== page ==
Categories
Computing

Load-Balancing strategies

A load-balancing strategy is a strategy allowing to spread the load (e.g. HTTP requests) over a fleet of instances providing some functionality. If you’re like me you probably think of a sort of load-balancer (e.g. Nginx, AWS ELB, …) in front of several nodes (e.g. EC2 instances, docker containers, …). This is, indeed, a very common pattern but there are other alternatives with different pros and cons.

Server-side load-balancing

Let’s start with the most common approach: the server side load-balancing (a.k.a Proxy load-balancing). In this configuration there is a load-balancer in front of a fleet of servers. Clients connect to the servers by going through the load-balancer.

The load-balancer acts as a proxy and isolates the clients from the backend nodes.

Pros

  • Simple client configuration: only need to know the load-balancer address
  • Clients can be untrusted: all traffic goes through the load-balancer where it can be looked at
  • Clients are not aware of the backend servers

Cons

  • Single point of failure: If the load-balancer fails there’s no connection to the servers
  • Load-balancer might be a bottle-neck as it concentrates all the traffic
  • Scaling is limited by the load-balancer capabilities
  • Increased latency because of the load-balancer proxy extra hops

Use-cases

This is a typical architecture for web-architecture (Nginx, AWS load-balancers) as it isolates the clients from the backend infrastructure.

There are mainly 2 types of proxy load-balancers:

  • Network load-balancer
  • Application load-balancer

Network load-balancers terminate the connections from the client and open a new connection to the chosen backend server. TCP-packet are copied from the client connection are copied over to the backend connection.

Application load-balancers also terminate the connections from the client but they can look at the data inside a TCP-packet to chose the appropriate backend server. They can provide richer functionality (sticky sessions – all connection from the same session are handled by the same backend server). They offer more functionalities but are also slower than their network counterparts.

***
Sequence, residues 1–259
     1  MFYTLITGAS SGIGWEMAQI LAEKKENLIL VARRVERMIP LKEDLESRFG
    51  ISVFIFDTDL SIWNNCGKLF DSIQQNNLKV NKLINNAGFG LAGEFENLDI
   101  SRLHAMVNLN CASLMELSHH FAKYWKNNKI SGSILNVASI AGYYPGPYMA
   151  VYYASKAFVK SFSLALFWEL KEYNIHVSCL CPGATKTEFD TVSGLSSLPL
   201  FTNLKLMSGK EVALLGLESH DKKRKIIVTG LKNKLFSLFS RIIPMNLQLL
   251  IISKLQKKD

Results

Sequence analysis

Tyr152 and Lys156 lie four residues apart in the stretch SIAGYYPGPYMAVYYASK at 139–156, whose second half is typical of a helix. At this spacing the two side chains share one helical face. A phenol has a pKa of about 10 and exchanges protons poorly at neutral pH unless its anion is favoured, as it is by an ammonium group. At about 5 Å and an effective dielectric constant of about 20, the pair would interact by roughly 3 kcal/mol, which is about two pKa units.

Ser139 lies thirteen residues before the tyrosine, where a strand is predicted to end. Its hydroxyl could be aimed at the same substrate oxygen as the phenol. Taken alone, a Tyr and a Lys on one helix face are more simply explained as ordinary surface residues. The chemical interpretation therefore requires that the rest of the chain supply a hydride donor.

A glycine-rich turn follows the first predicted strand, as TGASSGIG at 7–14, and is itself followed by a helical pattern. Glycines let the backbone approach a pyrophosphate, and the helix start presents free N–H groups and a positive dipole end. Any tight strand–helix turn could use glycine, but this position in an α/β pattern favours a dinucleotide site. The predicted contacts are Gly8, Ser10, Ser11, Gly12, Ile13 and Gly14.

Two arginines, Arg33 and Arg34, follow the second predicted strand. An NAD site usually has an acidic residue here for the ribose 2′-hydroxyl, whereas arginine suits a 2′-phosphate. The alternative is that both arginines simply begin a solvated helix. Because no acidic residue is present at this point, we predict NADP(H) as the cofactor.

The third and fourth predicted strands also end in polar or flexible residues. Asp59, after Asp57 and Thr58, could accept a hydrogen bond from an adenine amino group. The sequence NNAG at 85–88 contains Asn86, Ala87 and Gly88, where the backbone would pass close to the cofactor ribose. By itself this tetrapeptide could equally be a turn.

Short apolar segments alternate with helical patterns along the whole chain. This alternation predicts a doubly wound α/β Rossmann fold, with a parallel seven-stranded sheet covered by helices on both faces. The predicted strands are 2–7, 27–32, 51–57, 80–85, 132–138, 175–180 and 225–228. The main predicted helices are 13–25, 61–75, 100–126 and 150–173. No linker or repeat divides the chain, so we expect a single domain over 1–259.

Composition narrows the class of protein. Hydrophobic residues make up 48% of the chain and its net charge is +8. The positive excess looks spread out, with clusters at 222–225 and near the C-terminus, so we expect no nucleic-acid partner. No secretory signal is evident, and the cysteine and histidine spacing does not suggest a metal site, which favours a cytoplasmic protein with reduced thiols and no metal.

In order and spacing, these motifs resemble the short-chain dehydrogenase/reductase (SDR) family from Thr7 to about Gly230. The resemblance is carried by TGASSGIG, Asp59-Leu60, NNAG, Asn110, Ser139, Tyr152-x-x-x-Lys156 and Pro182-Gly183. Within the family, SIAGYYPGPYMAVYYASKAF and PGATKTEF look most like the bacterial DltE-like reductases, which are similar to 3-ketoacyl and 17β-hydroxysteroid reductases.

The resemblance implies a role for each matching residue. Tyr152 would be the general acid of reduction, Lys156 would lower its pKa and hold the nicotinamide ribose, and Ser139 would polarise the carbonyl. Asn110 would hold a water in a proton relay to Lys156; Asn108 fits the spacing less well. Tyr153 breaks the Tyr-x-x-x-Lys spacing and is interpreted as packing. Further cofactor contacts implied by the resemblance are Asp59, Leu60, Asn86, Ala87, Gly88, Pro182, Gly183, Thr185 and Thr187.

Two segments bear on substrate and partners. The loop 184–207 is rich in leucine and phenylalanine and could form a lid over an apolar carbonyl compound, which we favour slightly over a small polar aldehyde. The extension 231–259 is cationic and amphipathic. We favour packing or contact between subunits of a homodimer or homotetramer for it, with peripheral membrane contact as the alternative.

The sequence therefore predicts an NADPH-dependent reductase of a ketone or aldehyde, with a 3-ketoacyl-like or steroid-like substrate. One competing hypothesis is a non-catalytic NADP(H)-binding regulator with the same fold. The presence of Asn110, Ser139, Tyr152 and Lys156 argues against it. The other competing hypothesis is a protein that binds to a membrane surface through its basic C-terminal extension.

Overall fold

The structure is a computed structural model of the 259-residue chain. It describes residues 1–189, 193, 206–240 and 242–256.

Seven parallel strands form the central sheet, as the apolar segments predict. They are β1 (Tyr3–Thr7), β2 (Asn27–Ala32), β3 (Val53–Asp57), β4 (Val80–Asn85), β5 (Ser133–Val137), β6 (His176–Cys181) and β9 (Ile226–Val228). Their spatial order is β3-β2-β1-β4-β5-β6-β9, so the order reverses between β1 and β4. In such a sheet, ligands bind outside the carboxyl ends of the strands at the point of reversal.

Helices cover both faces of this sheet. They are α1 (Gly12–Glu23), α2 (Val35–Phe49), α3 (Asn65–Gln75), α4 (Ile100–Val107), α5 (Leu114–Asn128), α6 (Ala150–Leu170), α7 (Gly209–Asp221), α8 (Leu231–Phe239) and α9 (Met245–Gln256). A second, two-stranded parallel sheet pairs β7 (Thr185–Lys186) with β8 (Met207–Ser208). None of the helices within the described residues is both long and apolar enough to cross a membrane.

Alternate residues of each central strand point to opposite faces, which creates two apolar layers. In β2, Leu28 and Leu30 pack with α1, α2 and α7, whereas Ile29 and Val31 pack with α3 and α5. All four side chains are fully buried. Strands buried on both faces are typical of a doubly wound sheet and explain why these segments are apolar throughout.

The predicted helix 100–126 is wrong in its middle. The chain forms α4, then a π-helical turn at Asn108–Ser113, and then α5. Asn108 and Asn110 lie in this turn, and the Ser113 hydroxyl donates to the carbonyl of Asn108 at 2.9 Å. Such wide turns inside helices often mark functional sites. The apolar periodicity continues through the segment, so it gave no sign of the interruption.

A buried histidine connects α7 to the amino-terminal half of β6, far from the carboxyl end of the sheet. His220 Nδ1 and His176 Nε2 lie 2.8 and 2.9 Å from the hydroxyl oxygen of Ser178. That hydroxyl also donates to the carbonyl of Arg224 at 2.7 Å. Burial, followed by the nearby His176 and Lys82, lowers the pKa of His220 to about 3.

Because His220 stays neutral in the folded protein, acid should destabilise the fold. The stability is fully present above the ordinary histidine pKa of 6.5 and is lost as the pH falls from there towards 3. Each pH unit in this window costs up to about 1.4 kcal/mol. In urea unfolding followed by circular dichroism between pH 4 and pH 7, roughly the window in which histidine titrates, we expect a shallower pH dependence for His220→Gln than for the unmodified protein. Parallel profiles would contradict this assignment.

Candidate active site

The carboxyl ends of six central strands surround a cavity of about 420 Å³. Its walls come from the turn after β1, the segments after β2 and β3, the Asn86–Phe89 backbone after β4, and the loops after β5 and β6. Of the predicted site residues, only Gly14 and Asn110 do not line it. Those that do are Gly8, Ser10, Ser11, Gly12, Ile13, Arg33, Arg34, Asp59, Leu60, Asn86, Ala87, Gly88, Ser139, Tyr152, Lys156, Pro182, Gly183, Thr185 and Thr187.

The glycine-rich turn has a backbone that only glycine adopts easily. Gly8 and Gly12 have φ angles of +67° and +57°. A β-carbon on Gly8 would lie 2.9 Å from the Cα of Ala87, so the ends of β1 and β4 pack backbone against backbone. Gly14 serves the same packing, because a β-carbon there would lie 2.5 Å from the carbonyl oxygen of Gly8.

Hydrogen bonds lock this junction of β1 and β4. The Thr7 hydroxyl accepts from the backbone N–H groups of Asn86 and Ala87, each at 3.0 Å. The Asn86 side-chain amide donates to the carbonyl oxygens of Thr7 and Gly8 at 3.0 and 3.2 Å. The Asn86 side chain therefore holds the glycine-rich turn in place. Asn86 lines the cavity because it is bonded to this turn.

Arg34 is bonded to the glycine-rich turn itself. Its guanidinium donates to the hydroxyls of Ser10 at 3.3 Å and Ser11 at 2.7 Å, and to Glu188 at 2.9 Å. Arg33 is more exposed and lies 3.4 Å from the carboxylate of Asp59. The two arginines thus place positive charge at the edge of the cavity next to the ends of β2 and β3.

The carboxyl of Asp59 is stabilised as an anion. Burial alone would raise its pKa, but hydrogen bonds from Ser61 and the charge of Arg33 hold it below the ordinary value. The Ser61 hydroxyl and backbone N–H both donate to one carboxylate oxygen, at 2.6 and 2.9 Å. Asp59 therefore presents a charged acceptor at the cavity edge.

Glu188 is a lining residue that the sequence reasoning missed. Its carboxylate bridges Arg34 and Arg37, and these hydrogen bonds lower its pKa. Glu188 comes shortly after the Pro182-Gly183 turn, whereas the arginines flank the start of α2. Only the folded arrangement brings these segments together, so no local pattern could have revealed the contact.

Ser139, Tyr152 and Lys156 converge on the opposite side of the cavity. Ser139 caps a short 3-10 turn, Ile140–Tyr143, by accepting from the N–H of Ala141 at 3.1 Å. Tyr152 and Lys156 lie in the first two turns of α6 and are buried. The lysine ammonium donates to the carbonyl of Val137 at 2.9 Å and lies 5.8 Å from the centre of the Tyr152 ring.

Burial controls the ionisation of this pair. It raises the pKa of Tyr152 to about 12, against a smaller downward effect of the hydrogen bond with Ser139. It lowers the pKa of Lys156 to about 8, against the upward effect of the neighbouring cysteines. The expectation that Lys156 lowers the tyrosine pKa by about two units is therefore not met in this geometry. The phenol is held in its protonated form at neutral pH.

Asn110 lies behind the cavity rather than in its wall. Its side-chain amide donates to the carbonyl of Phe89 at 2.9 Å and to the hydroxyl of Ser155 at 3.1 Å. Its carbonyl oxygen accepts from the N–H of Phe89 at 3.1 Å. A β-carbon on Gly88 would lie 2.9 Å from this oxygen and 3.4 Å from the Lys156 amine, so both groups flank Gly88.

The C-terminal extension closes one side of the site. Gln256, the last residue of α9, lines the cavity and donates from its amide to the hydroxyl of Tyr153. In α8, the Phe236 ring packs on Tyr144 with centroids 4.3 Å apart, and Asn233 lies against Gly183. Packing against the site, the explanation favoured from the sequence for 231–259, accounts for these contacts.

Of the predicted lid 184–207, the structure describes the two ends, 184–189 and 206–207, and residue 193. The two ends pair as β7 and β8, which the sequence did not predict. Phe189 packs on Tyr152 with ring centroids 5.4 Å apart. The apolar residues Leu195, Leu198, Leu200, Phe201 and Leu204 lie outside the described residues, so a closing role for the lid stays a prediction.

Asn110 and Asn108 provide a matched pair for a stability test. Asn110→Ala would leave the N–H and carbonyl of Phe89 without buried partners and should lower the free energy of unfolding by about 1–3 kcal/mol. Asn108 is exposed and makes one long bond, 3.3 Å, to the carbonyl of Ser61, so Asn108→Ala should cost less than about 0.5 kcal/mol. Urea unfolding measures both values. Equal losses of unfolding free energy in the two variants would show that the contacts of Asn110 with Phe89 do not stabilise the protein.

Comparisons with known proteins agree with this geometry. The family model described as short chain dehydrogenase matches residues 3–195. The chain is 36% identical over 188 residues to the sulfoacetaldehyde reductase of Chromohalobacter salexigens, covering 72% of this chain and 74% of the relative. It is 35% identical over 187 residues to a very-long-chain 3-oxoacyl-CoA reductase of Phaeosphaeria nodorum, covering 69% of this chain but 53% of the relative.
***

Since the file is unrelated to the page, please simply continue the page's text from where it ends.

Client-side load-balancing

If there is a server-side load-balancing there should be a client-side load-balancing as well. And there is one such strategy. In this case the load-balancer is just gone and the clients choose which server to connect to.

Of course this implies that somehow the clients need to know about the server instances and implement an algorithm to determine which server to pick from the list. It can be something as simple as a round-robin mechanism, a hashing mechanism or even having the server report their actual load to the clients.

In this case there is a direct connection between clients and server instances and therefore clients needs to be trusted. (Just forget about it if your clients are everywhere over the internet).

Obviously the clients are more complex as they need to know implement the load balancing strategy themselves. However this can be facilitated by a framework or library (e.g. akka-cluster).

As the load-balancer is gone you gain better latency and improved scalability (just add more servers) but have to pay the price of additional complexity.

Pros

  • Improved latency: direct connection from client to backend server (no proxy extra hops)
  • Improved scalability: scalability depends only on the number of servers (no bottleneck)

Cons

  • Complexity has to be handled by the clients
  • Complex maintenance (libraries update …) as the implementation is language specific
  • Clients must be trusted

Use cases

The Cassandra client can be considered as a client-side load-balancing. The client is aware of the nodes in the cluster by contacting a seed node and selects the most appropriate node to send a request to according to the partition key.

Here it’s the distribution of the partition keys that spread the load fairly. However if one key is used more than other the load won’t be shared equally (hence the importance to choose the partition key wisely).

Unlike with proxy load-balancing, A/B testing (redirecting only a portion of the traffic to specific instances) is more difficult to do.

External load-balancing

This is somehow the hybrid approach. In this configuration cluster state (including server loads …) is maintained by an external load-balancer (e.g. Zookeeper) and clients ask the load-balancer which servers they should connect to.

If the load-balancer returns a list of servers the clients can implement a simple load-balancing strategy (round-robin, random, …). The results from the load-balancer might also be cached allowing the clients to connect to the servers even when the load-balancer is not available.

This approach moves some complexity from the clients to the external load-balancer while preserving direct connection to the servers.

Pros

  • Improved latency: direct connection from client to backend server (no proxy extra hops)
  • Improved scalability: scalability depends only on the number of servers (no bottleneck)
  • Reduced complexity on the clients

Cons

  • Some complexity still has to be handled by the clients
  • Complex maintenance (libraries update …) as the implementation is language specific
  • Clients must be trusted

Use cases

This approach makes sense for micro-service communications where you control both clients and servers. This is also the recommended approach for GRPC.

This approach is also known as service discovery and if you’re on AWS you probably can implement it by using the ELB or ECS APIs.